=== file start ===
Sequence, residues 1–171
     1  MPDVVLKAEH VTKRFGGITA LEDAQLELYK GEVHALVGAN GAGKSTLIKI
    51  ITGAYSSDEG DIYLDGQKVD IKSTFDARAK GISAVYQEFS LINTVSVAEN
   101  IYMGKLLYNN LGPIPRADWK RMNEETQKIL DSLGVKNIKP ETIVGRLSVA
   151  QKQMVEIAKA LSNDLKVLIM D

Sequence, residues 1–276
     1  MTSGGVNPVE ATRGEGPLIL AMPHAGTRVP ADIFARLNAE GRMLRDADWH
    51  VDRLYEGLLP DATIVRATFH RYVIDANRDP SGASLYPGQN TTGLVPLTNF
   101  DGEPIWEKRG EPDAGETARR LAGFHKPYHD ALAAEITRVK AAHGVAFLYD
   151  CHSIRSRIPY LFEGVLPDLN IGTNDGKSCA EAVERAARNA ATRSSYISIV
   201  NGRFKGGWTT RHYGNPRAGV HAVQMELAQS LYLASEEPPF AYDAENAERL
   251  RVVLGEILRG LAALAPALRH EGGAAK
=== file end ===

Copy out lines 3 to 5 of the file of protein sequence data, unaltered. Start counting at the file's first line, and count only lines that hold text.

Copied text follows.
    51  ITGAYSSDEG DIYLDGQKVD IKSTFDARAK GISAVYQEFS LINTVSVAEN
   101  IYMGKLLYNN LGPIPRADWK RMNEETQKIL DSLGVKNIKP ETIVGRLSVA
   151  QKQMVEIAKA LSNDLKVLIM D